I honestly don't remember when I first started noticing/paying attention to Shepard Fairey's enigmatic artwork, but it must have been in the early 90's. At the time, I was spending a lot of time in Soho (which hadn't yet been gentrified beyond all semblance of recognition) as an inglorious gallery-sitter. I remember seeing the "Andre the Giant has a Posse" sticker everywhere and not really getting it. That was swiftly followed by the mysterious "OBEY" posters. Again, I wasn't entirely sure what they meant, but I liked the clandestine and slightly ominous aesthetic of it all. I started snapping pics of Fairey's work whenever I saw it (the shot at the top of this post was taken on Mercer Street, I believe, and dates back to the summer of 1997). Gradually, I became a fan, even going so far as to buy a few prints. Most of them live in storage now, but you'll have to talk to my wife about that.
As Fairey's work expanded and word spread, his posters, stickers and stencils took on several different incarnations, and his images became increasingly more message-laden and politicized. At the same time, the merchandising wing of his operation went into full swing. Along with the artwork, you could suddenly buy "Obey Giant" t-shirts and collectibles (and I'll admit to having a few of each). I'll be honest, though. The sudden transparency of that move dealt a severe blow to the mystique of his work for me. Given the diversity of products and their "limited edition" cache, it almost seemed like Fairey's was borrowing a page from Gene Simmons' playbook. But given the causes he supported, the statements he made and the specific cultural figures he celebrated (everyone from Glenn Danzig and Darby Crash through Angela Davis and Noam Chomsky), I was still totally down with what Fairey was doing.
Marketplace-saturation, however, was starting to take hold. For a while, in the same manner as the ridiculous Von Dutch trucker-cap craze, "Obey Giant" gear had become ubiquitous. While its initial message was purposely vague and seemingly open to interpretation, it was becoming just a shallow cliche.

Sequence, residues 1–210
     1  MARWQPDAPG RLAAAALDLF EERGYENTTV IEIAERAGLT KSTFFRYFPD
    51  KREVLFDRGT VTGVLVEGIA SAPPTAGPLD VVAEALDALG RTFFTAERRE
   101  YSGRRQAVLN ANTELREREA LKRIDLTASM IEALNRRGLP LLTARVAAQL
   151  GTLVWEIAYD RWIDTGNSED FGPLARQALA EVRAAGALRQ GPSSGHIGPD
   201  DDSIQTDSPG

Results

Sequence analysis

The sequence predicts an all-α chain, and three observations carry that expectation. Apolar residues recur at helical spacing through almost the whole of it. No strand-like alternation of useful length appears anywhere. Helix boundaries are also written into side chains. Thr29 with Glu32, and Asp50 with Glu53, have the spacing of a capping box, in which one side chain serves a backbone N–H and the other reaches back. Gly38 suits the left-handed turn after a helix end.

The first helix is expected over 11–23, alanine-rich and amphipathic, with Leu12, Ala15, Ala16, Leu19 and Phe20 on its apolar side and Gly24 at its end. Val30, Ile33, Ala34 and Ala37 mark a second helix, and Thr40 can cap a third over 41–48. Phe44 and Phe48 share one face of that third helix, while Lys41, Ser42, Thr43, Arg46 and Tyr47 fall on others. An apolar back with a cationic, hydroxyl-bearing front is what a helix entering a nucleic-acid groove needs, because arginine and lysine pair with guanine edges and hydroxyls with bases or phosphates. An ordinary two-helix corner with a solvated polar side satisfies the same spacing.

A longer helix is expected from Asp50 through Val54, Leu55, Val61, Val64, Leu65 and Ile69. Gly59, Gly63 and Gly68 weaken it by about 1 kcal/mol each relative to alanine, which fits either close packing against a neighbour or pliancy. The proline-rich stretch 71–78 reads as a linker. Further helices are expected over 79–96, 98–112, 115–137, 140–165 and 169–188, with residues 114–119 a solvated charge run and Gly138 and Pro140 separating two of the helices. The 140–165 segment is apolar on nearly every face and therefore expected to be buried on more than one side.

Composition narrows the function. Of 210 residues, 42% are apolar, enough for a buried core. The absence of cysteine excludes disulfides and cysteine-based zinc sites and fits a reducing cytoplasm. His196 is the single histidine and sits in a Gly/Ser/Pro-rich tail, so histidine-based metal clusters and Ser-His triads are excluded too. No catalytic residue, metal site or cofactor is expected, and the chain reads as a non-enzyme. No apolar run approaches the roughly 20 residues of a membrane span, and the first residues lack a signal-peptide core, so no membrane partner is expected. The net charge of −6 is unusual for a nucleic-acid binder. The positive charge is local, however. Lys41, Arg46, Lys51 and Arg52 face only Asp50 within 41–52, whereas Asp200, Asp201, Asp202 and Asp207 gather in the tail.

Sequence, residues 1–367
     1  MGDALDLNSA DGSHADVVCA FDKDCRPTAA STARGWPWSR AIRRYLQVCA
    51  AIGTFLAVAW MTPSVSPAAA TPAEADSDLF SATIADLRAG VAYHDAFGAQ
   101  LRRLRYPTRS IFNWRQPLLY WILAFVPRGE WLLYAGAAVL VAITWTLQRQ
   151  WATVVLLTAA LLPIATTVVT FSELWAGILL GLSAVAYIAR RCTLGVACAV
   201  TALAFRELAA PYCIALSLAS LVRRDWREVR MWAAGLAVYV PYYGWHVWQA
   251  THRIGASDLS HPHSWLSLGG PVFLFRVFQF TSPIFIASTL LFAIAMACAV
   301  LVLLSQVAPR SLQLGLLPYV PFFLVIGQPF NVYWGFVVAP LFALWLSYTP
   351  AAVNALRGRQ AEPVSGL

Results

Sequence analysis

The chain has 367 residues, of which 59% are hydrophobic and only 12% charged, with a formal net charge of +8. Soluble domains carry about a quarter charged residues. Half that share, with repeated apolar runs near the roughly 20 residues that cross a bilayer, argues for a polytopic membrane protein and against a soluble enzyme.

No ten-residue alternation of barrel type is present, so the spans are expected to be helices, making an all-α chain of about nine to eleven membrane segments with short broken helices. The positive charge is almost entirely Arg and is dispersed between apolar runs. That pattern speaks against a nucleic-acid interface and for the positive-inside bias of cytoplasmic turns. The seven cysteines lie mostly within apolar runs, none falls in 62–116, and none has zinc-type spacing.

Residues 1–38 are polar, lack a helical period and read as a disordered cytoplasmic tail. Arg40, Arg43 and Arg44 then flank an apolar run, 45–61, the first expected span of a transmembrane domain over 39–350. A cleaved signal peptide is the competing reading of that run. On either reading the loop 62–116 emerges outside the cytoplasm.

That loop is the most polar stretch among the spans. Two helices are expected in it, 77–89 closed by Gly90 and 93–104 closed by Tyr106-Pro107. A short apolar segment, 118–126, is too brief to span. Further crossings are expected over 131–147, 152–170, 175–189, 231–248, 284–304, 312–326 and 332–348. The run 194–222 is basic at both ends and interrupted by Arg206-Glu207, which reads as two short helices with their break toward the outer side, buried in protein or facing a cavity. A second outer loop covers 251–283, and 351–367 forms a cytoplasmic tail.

Of course, the now-infamous "HOPE" poster Fairey designed for the Obama campaign transformed him into a very public figure overnight. Almost at once, he became a folk hero, a media darling, a hip iconoclast and a whipping boy. His signature style is now everywhere. His once underground campaign seems now very decidedly above ground. The guerilla artist is now a celebrity.
In recent weeks, Fairey's work has made some flashy appearances and accompanying headlines. His latest show, a collection dubbed "May Day" is also the final installation, I believe, in the Deitch gallery down on Wooster Street in Soho. I'd been meaning to check it out since it opened, but hadn't had the time. With Peggy and the kids down in Texas for a week visiting my in-laws, I finally got over to Wooster Street on Saturday to check it out.
I did strike me as slightly odd that Fairey's graffiti-inspired artwork -- the same stuff which initially adorned the brick-faced facades of the streets of Soho -- was now hanging on a proper Soho gallery wall. In fact, to see Fairey's work, you don't even need to visit the gallery. It's still all over the streets. But that's a dichotomy I'll let the coffee table aesthetes and art historians debate. Regardless, I'm still a huge fan of Fairey's style and subject matter, and found the "May Day" show to be pretty cool. But as respectable as the work has arguably become, it still has its share of detractors. The street art community from whence he came now defiles his work and renounces him as a sellout. On the flip side of that coin, as EV Grieve noted, Fairey's "May Day" show was written up in the Times, and art critic Roberta Smith was, shall we say, less than entirely kind.
What do you think?